Welcome back to E&O Mondays, the free newsletter from Exits & Outcomes that features health tech puzzles and trivia, new and under-the-radar funding news, paid content teasers and other digital health odds and ends.
In this issue:
- Five under-the-radar or not-yet-reported health tech funding deals.
- Then, there’s a recap of some of E&O’s recent reporting that’s really for your friends and colleagues. (Who do you know that should be reading E&O? Please forward them this newsletter so they can get a sampling of recent reporting.)
- And of course: A brand new Health Tech Rebus Puzzle.
- But wait: If this was forwarded your way, why not sign up as a paying subscriber to E&O by clicking right here…
Five secret (or under-reported) health tech funding deals from the past week
Instead of rehashing the dozens of funding deals you’ve already read elsewhere, I focused this week on a number of deals that you likely have not yet read about. (These are all first in E&O — as far as I can Google.)
* Please note: These rounds are unannounced so the full amount the company raises as part of its current round may be higher than the numbers below.
$17 million – Getlabs – This company announced its $3 million seed round just this past April, but it quietly started taking checks for this round at the end of July. Investors in the company include PivotNorth Capital, Emerson Collective, and Marble.
“Getlabs brings healthcare companies to you. Patients can book a phlebotomist to draw their lab order at home and deliver to Labcorp and Quest Diagnostics. Healthcare companies can send a specialist to patients via our API to seamlessly connect virtual and in-person care.” Site
$7.1 million in debt in March 2021 – Tula Health – This company filed ten SEC filings last week disclosing various equity sales over the course of the past few years. In December the company posted a blog on its site that said it had raised $42 million overall, including $24 million in debt and $18 million in equity. (It’s possible this $7.1 million debt raise was already included in the $42 million figure from December).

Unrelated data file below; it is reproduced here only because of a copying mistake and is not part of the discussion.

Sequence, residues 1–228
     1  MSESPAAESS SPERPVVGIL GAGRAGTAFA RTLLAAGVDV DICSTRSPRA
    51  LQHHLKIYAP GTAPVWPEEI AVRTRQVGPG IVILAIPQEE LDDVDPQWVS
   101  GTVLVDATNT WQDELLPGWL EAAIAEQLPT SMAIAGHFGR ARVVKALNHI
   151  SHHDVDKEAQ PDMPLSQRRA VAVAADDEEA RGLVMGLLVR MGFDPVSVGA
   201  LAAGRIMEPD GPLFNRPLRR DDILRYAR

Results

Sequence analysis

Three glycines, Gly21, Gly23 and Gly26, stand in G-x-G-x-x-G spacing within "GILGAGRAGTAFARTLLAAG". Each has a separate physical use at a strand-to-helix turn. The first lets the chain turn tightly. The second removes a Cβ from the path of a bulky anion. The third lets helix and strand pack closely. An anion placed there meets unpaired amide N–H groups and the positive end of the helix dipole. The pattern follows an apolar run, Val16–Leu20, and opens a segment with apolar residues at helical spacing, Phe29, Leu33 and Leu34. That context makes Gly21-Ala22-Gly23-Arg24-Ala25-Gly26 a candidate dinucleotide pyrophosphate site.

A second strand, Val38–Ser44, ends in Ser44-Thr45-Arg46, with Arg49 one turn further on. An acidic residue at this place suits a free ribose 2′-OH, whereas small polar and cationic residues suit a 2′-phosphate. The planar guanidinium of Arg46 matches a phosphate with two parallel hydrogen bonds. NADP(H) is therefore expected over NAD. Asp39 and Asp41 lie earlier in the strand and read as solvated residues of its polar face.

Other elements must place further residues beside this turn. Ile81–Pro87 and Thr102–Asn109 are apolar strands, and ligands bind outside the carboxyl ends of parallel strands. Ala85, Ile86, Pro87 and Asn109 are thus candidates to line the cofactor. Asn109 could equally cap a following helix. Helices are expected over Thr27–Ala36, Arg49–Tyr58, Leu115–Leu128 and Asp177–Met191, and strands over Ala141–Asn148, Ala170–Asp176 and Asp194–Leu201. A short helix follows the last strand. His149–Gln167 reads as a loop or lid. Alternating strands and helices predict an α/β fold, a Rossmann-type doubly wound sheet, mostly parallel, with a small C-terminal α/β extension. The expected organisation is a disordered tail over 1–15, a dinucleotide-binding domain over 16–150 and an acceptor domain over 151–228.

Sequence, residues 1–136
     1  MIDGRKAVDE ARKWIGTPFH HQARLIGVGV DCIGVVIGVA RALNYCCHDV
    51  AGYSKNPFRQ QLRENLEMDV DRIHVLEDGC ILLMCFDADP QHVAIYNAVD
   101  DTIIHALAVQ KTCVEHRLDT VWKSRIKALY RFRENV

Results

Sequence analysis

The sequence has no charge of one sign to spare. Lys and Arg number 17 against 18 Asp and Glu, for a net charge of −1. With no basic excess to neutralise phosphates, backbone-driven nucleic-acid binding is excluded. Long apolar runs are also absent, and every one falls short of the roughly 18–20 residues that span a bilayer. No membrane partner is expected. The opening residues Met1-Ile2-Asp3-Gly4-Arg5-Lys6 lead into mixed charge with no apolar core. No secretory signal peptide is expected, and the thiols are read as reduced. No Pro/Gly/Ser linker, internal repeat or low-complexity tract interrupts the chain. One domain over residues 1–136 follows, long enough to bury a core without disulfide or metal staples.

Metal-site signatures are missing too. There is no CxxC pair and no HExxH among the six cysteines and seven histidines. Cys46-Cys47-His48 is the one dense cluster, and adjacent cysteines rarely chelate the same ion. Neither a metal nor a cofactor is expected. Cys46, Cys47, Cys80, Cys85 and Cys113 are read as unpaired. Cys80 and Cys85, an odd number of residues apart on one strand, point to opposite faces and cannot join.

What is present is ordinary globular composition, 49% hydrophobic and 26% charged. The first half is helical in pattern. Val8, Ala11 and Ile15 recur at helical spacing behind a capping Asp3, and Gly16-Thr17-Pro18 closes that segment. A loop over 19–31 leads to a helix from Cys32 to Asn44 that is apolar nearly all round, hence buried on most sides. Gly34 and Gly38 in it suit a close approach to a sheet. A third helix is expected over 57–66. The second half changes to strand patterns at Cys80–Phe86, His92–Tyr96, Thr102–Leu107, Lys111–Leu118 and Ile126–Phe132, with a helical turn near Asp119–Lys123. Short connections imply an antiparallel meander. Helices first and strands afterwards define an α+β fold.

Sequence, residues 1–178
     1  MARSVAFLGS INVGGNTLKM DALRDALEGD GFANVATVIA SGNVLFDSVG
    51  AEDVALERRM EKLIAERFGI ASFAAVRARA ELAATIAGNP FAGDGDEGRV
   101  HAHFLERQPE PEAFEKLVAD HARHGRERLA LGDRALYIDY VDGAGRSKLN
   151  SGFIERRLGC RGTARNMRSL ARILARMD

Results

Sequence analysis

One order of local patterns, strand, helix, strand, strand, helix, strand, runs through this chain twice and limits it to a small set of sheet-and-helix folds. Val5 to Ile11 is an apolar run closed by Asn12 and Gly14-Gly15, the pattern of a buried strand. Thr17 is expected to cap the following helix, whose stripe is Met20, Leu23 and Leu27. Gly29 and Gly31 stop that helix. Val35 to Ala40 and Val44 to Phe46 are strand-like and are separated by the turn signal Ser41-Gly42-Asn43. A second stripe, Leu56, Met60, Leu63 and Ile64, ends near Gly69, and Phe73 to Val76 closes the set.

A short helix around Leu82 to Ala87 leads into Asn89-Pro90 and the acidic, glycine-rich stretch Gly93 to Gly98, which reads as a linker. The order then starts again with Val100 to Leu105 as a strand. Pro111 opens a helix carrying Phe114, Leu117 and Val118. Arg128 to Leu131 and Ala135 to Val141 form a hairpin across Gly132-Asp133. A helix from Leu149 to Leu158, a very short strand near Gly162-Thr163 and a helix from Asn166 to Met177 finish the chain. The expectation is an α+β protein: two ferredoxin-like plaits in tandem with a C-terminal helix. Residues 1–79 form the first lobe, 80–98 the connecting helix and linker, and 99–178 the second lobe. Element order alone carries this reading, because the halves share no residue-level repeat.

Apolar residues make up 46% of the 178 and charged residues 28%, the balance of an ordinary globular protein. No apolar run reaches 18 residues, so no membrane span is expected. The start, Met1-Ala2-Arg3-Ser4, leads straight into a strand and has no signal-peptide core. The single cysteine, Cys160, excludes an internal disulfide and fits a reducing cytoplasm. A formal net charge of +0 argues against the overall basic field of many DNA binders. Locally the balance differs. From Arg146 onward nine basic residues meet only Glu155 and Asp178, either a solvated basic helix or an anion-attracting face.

“A digital health platform that continuously and noninvasively monitors blood glucose and key health metrics through its wrist worn device, BioCheck. Tula combines its innovative technology with 24/7 monitoring through its Engagement Center. The Company delivers real-time actionable data to change behaviors and lower healthcare costs.” Site
$2.7 million in equity, options, and other securities – Medmo – Medmo’s investors include Jerusalem Venture Partners (JVP).
“Medmo returns power to patients, helping people find medical imaging at predictable, affordable prices. Using Medmo, you can book your next medical scan at the exact price you can afford – with no surprise bills. We can help with all types of scans – including MRIs, CTs, and PET scans. We work with high-quality, accredited centers through the United States.” Site
$650,000 – GRYT Health – This cancer-focused company offers a patient community, mental health chatbot and more, as described below: